It's very easy for Advent to seem like the poor relation to Christmas musically and it can be tempting to start singing carols during these weeks to fit in all the favourites. However, sticking with songs which relate to the Advent texts and themes can really help engage with the radical message behind the Christian season as a contrast to the commercialised messages we hear everywhere else at this time. In year B there is a focus on the urgency of waiting for the coming of Christ and the transformation that will come with it, with a particular focus on prophetic voices we hear from the margins.
You can find a YouTube playlist here with many of the songs suggested below.
This week has a strong focus on the Virgin Mary featuring both the Annunciation and the Magnificat. If you are keeping this as a very tight focus then you might want to begin with The Angel Gabriel from heaven came (CH 285 / CP 198) or Lo, how a rose e’er blooming (Hymnary). The Old Testament reading is an interesting text to explore in a time when people have been worshiping as a community gathered outside of church buildings and Let us build a house (CH 198) or Christ is made the sure foundation (CH 200 / MP 73) could both connect while Gather us in (CH 623) would also link to many themes which resonate with both Advent and the Magnificat. For a more general gathering song you could consider People, look East (CH 281) Advent Hymn (CCLI), Emmanuel (link) or Heaven sings your symphony (CCLI).
If you are using an Advent candle lighting song this year then Christmas is coming (CH 282 / CP 34) and Advent candles tell their story (STF 165) would both fit the pattern of readings with its themes of Promise, the Prophets, John the Baptist, and the Virgin Mary.
You might like to use a short Advent song before the reading of scripture. This is a good opportunity to give some musical continuity to the season, either by using the same song each week or by using songs in a similar style. The following songs all have a similar text, praying for Jesus to come, but use a mix of English, Latin and Aramaic: Maranatha (MV 19), Come, come Emmanuel (link), Veni, veni (WGRG), and Veni Immanuel (WGRG).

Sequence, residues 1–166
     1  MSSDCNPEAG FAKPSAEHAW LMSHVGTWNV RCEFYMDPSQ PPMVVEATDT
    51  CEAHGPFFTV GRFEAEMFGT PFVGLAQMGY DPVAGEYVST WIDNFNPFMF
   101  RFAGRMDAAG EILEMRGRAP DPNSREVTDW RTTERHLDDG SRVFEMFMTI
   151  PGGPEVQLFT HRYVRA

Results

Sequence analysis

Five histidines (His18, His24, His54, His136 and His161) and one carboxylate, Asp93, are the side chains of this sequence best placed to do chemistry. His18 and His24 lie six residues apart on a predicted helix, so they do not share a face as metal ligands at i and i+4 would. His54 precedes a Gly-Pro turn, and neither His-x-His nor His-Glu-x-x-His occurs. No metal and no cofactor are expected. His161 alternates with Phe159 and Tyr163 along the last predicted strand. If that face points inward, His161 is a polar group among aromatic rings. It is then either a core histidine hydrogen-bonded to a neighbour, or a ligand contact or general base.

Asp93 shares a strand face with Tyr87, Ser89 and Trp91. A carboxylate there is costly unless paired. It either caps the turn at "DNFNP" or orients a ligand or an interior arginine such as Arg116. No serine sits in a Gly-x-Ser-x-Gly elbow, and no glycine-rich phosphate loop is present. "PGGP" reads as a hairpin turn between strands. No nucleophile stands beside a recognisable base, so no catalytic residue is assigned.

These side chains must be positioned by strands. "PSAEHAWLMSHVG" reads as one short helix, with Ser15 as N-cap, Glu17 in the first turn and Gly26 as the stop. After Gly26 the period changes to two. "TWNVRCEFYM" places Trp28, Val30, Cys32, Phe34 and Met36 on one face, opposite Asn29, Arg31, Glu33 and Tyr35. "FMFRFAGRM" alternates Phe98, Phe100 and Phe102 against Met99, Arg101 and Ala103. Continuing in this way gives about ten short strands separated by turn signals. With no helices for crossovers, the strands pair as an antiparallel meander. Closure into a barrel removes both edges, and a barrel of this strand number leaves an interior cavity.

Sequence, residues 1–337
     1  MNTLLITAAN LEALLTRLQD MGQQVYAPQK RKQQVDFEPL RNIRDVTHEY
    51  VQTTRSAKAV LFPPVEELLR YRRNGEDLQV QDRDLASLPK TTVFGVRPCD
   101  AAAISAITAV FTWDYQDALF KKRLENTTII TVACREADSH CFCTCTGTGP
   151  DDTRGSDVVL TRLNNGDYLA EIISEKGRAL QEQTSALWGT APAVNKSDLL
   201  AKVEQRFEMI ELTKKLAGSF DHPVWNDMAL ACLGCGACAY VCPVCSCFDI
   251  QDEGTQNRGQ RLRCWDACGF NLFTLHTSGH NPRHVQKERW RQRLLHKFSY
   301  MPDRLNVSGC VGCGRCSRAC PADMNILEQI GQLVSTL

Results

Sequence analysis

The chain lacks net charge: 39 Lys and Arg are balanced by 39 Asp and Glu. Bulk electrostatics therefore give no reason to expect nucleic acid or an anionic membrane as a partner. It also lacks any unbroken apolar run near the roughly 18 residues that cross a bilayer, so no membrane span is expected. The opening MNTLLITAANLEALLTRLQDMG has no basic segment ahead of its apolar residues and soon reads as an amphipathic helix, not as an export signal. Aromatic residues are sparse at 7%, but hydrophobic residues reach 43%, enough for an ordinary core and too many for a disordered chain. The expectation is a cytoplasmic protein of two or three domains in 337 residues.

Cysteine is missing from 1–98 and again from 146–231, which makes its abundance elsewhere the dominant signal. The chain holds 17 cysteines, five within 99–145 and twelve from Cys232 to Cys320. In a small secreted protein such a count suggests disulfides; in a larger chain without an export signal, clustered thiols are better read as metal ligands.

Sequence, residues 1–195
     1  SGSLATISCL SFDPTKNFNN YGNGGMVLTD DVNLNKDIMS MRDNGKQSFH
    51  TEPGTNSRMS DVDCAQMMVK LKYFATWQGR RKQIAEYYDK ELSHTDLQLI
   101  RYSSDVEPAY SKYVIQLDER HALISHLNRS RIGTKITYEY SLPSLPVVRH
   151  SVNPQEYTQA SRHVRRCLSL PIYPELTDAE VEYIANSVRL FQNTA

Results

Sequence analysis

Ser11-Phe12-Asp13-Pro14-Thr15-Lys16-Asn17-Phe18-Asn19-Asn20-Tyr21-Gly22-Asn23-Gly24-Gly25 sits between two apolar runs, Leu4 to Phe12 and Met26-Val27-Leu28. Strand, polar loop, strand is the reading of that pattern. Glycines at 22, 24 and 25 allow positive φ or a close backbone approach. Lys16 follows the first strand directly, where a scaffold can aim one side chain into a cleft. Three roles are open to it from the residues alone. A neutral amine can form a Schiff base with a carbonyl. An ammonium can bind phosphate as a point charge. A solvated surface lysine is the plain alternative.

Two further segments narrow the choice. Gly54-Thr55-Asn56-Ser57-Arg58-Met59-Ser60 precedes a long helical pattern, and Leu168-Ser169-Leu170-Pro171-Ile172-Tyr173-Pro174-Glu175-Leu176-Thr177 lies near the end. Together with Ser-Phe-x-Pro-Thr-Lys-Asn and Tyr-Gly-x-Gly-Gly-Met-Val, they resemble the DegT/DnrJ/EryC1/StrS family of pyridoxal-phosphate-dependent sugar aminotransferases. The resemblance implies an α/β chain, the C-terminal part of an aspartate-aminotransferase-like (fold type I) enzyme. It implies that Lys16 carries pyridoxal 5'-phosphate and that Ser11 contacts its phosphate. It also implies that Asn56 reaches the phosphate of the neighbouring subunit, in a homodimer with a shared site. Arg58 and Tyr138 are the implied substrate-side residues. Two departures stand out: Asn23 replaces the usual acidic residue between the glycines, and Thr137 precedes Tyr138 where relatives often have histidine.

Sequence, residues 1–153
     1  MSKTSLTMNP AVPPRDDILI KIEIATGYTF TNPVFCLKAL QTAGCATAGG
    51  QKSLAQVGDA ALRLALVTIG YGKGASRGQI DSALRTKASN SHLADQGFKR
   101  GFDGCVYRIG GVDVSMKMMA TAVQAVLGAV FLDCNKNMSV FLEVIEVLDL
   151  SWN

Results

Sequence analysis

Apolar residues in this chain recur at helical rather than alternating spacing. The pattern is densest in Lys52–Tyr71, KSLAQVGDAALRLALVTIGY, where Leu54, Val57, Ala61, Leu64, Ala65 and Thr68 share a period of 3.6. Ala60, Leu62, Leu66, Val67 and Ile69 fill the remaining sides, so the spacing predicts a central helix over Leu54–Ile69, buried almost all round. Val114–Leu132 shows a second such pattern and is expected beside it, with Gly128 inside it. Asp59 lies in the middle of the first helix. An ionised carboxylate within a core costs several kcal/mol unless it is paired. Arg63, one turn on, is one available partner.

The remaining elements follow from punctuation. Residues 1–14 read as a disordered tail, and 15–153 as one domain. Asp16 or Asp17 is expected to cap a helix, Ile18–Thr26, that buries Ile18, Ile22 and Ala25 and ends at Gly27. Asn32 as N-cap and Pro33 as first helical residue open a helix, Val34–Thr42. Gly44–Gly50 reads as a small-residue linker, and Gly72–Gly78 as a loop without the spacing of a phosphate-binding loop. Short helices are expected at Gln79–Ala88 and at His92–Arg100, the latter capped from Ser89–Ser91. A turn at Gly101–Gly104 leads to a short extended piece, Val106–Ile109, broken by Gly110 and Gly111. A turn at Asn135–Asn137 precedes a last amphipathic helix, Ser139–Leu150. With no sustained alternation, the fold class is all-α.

There are also some settings of plainchant which can work well here as continuity through the season, with the simplicity of the music allowing an opportunity for the power of the words to really sink in. The Advent Prose (NEH 501) is widely sung throughout Advent while O heavenly Word of God on high (NEH 2) would be another option which could also be sung to many Long Metre tunes, for example Gonfalon Royal, Morning Hymn, or Warrington.
This is one of the weeks where a Canticle (a song from the Bible) is used instead of a Psalm. The Song of Mary is better known by the first word in its Latin text - the Magnificat. One of the main critiques of many settings is that they can diminish the radical nature of the text and to counter that the Canticle of the turning (WGRG / PFAS 75B / MV 120) is a great option, set to a well known tune which can be accompanied in many different styles. My soul gives glory (PFAS 1042) is another possibility if you are looking for something in the form of a metrical hymn, With Mary let my soul rejoice (Worship Workshop) has a bit of a jazzier feel to it, and My soul magnifies the Lord (CCLI) is a rare setting of this as a worship song.